The effects of zinc on the production of active oxygen species were investigated in rat neutrophils by chemiluminescence and spectrophotometric assays. The luminol-dependent chemiluminescence in unstimulated neutrophils showed a single peak. Zinc at concentrations lower than 0.1 mM augmented the intensity of chemiluminescence and showed a bimodal pattern, the first peak of which was inhibited by superoxide dismutase and catalase, while the second peak disappeared in the presence of catalase, but was unaffected by superoxide dismutase. At the same concentrations of zinc, O2- and H2O2 production increased, but secretion and activity of myeloperoxidase were not affected. Zinc at 0.1 mM enhanced the second peak of luminol-dependent chemiluminescence, and concomitantly O2- and H2O2 production of neutrophils stimulated with formyl-methionyl-leucyl-phenylalanine. Homogenized neutrophils showed a bimodal pattern on induction by zinc, the second peak of which was inhibited slightly by catalase and completely by sodium azide, but was not inhibited by superoxide dismutase. Zinc-induced O2- production was inhibited by pertussis toxin, but was not significantly inhibited by a protein kinase C inhibitor, 1-(5-isoquinolinesulfonyl)-2-methylpiperazine dihydrochloride (H-7), or a calmodulin antagonist, N-(6-aminohexyl)-5-chloro-1-naphthalenesulfonamide (W-7). These results suggest that zinc can augment luminol-dependent chemiluminescence by increasing O2- production through the classical signal transduction pathway, and by increasing H2O2 not via O2-.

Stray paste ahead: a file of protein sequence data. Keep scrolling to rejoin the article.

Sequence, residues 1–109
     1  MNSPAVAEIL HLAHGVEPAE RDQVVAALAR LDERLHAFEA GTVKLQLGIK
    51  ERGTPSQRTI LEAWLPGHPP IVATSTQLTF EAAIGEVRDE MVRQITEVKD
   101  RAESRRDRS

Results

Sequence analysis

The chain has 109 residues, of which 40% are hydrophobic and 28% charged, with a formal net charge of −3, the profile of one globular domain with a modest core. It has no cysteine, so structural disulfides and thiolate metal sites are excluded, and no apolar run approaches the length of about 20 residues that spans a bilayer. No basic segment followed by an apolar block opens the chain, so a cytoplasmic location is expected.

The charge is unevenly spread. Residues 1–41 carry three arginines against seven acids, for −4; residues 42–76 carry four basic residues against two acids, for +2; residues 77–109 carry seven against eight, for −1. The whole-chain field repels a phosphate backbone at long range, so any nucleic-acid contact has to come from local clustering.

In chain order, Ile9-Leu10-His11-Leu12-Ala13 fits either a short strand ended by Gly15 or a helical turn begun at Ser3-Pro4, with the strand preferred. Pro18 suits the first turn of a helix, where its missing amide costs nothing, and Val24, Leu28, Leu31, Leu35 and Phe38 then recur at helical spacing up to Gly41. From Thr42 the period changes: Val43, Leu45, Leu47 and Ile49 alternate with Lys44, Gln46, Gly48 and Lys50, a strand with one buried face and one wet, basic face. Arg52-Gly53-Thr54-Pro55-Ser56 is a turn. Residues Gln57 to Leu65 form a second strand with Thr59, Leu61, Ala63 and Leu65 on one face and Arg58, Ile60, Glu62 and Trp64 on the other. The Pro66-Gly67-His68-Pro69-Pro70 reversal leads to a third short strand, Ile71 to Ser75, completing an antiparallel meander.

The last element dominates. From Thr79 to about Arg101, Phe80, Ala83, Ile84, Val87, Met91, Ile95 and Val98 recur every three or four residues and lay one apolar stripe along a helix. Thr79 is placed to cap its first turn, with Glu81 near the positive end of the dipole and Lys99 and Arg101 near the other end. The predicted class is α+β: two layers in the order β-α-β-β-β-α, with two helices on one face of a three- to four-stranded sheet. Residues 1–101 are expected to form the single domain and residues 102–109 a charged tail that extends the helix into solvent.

|Number of pages||6|
|Journal||Pharmacology and Toxicology|
|Publication status||Published - 1995|
ASJC Scopus subject areas
- Health, Toxicology and Mutagenesis